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According to Heat Stress OSHA Standards
Heat stress safety is addressed in specific standards for the general industry. Additionally:
Section 5(a)(1) of the OSH Act, often referred to as the General Duty Clause, requires employers to "furnish to each of his employees employment and a place of employment which are free from recognized hazards that are causing or are likely to cause death or serious physical harm to his employees". This includes heat-related hazards that are likely to cause death or serious bodily harm. Section 5(a)(2) requires employers to "comply with occupational safety and health standards promulgated under this Act".
Who must take this course?
Since the potential of heat and fatigue-related hazards exist in virtually every work environment, this heat stress safety course is recommended for all workers.
Other Frequently Asked Questions
It will take a MINIMUM of 2 hours to complete this online course. The student may log on and off as needed. A bookmark will be set so when they log back in they will return to where they left off.
Upon successful completion each student will have immediate access to a OSHA regulations Heat Stress & Illness Safety training printable certificate and wallet card.
We have no restrictions on how long a person takes to complete a course.
Likewise, if you are purchasing for others, we have no time limit on assigning courses. So you can purchase a larger quantity then you currently need and take advantage of volume discounts.
Each student will receive 0.2 CEUs (or 2 CMEs) from Compliance Training Online® for completing this course.
Our OSHA Heat Stress & Illness Safety Training course consists of content, graphics, audio, non-scored self check questions, and a final exam.
A variety of occupations either directly or indirectly expose workers to heat and high temperature. These exposures can take the form of high outdoor temperatures and humidity, and they can also occur in indoor occupations that involve heat radiation and direct contact with high-heat objects or machinery.
High temperatures and humidity, and low-circulation indoor locations, can present serious health risks to workers operating in those environments. Job requirements such as heavy lifting or high degrees of physical activity can increase your risk of heat stress or illness. Preparing yourself ahead of time and knowing how to respond to heat stress in the field is an important part of workplace safety. This course will walk you through the basics of heat stress and illness, and it will inform you as to how you can best protect yourself from suffering heat stress or heat-induced illness.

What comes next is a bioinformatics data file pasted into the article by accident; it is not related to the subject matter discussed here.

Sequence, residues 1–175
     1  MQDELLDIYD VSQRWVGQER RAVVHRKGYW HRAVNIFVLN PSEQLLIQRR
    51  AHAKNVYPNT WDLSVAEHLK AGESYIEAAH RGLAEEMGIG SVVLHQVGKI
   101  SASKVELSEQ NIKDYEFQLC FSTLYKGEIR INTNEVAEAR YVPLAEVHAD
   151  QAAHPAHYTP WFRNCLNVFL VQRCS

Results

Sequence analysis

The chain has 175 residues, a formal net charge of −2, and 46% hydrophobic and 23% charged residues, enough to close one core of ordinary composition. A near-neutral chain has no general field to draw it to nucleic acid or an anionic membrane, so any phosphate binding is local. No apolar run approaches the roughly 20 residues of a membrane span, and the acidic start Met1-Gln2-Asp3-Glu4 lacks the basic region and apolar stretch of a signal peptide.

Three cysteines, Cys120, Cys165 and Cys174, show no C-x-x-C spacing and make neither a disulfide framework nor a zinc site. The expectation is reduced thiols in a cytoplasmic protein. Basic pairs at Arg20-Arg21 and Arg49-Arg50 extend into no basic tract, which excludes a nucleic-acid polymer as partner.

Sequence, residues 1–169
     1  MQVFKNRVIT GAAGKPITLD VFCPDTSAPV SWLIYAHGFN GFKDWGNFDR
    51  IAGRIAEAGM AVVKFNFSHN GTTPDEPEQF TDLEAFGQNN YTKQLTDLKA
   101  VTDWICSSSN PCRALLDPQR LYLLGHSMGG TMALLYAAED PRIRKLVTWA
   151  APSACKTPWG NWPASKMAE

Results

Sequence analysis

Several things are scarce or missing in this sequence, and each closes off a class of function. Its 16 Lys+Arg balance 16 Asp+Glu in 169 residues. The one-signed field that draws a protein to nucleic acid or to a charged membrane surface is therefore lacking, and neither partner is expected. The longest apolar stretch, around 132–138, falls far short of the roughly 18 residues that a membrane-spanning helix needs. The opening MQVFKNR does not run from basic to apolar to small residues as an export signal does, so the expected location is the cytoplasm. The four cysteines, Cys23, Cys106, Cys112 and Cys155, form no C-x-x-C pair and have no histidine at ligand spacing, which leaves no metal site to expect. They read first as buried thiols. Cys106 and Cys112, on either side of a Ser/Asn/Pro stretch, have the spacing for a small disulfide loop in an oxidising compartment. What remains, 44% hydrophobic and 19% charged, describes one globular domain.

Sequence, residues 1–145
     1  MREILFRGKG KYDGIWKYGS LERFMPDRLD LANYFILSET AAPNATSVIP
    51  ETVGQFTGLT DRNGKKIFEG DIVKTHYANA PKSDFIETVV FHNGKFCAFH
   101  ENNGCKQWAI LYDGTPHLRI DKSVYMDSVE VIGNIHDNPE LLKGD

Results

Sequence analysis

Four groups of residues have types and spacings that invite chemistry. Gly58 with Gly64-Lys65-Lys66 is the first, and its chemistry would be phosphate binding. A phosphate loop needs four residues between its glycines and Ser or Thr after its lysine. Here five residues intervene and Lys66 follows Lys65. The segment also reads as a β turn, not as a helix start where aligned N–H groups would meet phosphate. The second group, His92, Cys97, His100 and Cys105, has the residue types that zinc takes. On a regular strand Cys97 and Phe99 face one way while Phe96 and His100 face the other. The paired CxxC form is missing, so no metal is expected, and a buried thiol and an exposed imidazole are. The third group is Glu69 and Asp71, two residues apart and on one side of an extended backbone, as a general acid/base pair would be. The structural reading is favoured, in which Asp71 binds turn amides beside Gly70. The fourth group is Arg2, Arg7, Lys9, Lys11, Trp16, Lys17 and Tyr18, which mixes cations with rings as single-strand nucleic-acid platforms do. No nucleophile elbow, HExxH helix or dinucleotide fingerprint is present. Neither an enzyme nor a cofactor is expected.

Specific topics covered in this course include:
- About this course
- Course Objectives
- Introduction to Heat Stress Safety
- How Does the Body React to Heat?
- What Is Heat Stress?
- Heat Stress Statistics in the Work Place
- Heat-Related Illnesses and Conditions
- Heat Index
- Effects of the Heat Index
- Protective Measures
- Risk Levels
- Heat Stress Environments
- Environmental (Outdoor) Stress Factors
- Direct Sunlight and Daytime
- Job-Specific (Indoor) Heat Stress Factors
- Heat Stress Prevention: Employer Responsibilities
- Employer Responsibilities
- Employer Responsibilities and Controls for Indoor Workplaces
- Employer Training Responsibilities
- Heat Stress Prevention: Environmental Controls
- Acclimatization and Prevention Measures
- Acclimatization Steps
- Estimating Work Rates and Loads
- Work and Rest Schedules
- Fluid Replacement and Recovery Areas
- Fluid Types
- Heat Stress Prevention: Worker Precautions
- Employee Responsibilities
- Personal Protective Equipment
- First Aid and Emergency Response Measures for Heat Stress
- Emergency Preparedness
- Employer Checklist
- Additional Resources
OSHA has not specified any time frame for required retraining or recertification for Heat Stress and Fatigue-related Safety. Since there is no OSHA standard dealing with this specific hazard the OSH Act general duty clause, section 5(a)(1), 29 U.S.C. 654(b)(1) defines the standard which provides that:
(a) Each employer -
(1) shall furnish to each of his employees employment and a place of employment which are free from recognized hazards that are causing or are likely to cause death or serious physical harm to his employees.
A recognized hazard is a danger recognized by the employer's industry or industry in general, by the employer, or by common sense. The general duty clause does not apply if there is an OSHA standard dealing with the hazard, unless the employer knows that the standard does not adequately address the hazard.